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Infect Dis Obstet Gynecol. 2013;2013:525878. doi: 10.1155/2013/525878. Epub 2013 Mar 28.

Duration of intrapartum antibiotics for group B streptococcus on the diagnosis of clinical neonatal sepsis.

Author information

1
Department of Obstetrics & Gynecology, Kelsey-Seybold West Clinic, 1111 Augusta Drive, Houston, TX 77057, USA. mark.turrentine@kelsey-seybold.com

Abstract

BACKGROUND:

Infants born to mothers who are colonized with group B streptococcus (GBS) but received <4 hours of intrapartum antibiotic prophylaxis (IAP) are at-risk for presenting later with sepsis. We assessed if <4 hours of maternal IAP for GBS are associated with an increased incidence of clinical neonatal sepsis.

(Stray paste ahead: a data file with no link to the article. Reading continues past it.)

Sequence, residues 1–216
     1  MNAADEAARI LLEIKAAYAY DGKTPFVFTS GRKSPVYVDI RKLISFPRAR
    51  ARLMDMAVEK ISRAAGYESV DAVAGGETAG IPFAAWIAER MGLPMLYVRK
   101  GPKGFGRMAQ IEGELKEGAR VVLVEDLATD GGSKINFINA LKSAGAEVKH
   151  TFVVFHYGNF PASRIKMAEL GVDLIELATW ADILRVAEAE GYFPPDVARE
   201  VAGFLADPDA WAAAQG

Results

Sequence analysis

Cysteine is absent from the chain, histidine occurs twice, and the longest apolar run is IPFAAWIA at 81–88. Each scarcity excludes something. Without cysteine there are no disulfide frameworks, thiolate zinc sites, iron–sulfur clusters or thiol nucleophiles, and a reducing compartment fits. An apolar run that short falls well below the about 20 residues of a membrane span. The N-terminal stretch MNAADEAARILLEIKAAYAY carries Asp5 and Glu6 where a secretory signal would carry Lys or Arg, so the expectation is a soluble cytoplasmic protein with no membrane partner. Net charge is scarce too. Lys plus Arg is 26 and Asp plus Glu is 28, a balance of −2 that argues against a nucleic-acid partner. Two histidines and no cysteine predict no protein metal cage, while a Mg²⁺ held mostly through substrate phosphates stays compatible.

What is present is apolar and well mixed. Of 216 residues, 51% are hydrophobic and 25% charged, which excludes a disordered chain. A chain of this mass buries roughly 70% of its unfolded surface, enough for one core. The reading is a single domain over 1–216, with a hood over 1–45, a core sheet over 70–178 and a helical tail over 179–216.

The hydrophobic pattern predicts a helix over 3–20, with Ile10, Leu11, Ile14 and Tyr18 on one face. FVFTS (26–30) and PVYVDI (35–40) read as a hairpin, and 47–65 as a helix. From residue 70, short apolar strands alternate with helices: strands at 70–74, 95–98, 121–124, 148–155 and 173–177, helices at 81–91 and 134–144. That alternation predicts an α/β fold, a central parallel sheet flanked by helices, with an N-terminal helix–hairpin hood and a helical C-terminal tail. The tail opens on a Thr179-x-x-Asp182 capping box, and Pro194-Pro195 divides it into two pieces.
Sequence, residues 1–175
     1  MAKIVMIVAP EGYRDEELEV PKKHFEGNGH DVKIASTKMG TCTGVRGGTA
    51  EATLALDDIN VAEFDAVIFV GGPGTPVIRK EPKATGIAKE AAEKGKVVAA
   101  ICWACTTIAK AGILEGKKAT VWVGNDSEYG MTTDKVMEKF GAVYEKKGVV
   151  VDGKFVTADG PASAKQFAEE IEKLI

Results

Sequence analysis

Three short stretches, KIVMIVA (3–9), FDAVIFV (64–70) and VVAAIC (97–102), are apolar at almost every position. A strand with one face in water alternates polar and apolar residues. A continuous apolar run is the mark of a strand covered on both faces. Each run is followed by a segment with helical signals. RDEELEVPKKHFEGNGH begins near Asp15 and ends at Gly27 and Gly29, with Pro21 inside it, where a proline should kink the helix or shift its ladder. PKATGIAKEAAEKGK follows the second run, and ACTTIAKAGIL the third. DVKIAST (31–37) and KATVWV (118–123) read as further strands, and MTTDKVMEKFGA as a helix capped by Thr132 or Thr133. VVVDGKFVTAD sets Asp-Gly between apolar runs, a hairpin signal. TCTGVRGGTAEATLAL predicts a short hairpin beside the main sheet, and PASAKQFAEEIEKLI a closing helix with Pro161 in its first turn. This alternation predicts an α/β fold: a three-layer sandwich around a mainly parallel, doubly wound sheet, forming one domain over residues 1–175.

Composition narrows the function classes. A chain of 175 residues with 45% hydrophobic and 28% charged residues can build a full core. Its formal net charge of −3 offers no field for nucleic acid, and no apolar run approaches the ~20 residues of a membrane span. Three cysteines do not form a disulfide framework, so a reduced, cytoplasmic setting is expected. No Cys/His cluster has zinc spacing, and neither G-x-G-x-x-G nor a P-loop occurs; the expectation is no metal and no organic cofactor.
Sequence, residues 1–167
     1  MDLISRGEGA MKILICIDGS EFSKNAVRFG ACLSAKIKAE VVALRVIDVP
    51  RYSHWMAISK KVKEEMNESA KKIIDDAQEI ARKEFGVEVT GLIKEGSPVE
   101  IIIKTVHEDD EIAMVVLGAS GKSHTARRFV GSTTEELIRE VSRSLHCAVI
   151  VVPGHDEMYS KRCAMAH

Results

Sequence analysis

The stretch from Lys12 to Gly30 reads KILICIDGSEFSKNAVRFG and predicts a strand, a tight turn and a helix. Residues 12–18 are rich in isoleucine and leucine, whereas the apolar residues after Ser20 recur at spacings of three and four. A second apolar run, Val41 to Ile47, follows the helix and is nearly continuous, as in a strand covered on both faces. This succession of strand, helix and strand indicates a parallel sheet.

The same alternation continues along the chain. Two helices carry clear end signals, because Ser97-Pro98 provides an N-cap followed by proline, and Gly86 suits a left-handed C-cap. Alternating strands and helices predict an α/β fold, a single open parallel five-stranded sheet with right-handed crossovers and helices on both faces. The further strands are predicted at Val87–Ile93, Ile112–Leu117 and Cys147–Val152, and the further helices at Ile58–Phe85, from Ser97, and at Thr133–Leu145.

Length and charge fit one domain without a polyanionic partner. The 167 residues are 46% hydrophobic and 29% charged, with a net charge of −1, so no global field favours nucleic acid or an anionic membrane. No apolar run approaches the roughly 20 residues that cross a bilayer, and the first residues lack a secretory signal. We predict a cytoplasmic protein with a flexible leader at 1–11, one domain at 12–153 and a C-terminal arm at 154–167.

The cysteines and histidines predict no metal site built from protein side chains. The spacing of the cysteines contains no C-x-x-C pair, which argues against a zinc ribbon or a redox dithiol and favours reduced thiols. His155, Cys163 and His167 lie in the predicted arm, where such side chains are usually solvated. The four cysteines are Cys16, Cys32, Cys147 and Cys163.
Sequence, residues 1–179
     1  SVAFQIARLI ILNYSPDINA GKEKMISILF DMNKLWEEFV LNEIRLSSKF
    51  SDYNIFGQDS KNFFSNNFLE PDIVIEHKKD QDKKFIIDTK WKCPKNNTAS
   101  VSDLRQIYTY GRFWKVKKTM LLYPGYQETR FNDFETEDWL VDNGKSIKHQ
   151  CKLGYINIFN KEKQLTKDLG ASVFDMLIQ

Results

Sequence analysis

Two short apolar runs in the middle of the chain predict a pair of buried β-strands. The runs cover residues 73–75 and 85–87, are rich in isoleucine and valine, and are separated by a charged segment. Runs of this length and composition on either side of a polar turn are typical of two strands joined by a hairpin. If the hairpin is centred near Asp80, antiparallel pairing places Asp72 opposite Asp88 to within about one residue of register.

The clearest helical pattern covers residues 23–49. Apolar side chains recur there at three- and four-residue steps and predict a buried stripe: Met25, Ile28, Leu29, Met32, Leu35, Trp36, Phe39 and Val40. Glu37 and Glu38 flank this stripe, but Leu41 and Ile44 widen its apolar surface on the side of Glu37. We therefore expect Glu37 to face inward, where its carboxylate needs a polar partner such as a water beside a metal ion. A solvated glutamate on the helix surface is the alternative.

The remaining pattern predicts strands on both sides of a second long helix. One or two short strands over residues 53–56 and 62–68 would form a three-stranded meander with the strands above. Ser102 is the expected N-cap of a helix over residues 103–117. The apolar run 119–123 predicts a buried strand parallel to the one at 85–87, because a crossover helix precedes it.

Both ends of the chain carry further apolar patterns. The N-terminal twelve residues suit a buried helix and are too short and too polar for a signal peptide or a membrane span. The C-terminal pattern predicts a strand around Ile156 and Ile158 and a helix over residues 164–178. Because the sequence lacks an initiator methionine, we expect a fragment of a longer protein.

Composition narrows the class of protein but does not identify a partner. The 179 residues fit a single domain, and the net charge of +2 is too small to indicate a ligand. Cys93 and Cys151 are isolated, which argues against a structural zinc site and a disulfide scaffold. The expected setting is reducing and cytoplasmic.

MATERIALS AND METHODS:

A retrospective cohort study of women-infant dyads undergoing IAP for GBS at ≥37-week gestation who presented in labor from January 1, 2003 through December 31, 2007 was performed. Infants diagnosed with clinical sepsis by the duration of maternal IAP received (< or ≥4-hours duration) were determined.

RESULTS:

More infants whose mothers received <4 hours of IAP were diagnosed with clinical sepsis, 13 of 1,149 (1.1%) versus 15 of 3,633 (0.4%), P = .03. Multivariate logistic regression analysis showed that treatment with ≥4 hours of IAP reduced the risk of infants being diagnosed with clinical sepsis by 65%, adjusted relative risk 0.35, CI 0.16-0.79, and P = .01.

CONCLUSION:

The rate of neonatal clinical sepsis is increased in newborns of GBS colonized mothers who receive <4 hours compared to ≥4 hours of IAP.

PMID:
23606801
PMCID:
PMC3625608
DOI:
10.1155/2013/525878
[Indexed for MEDLINE]
Free PMC Article
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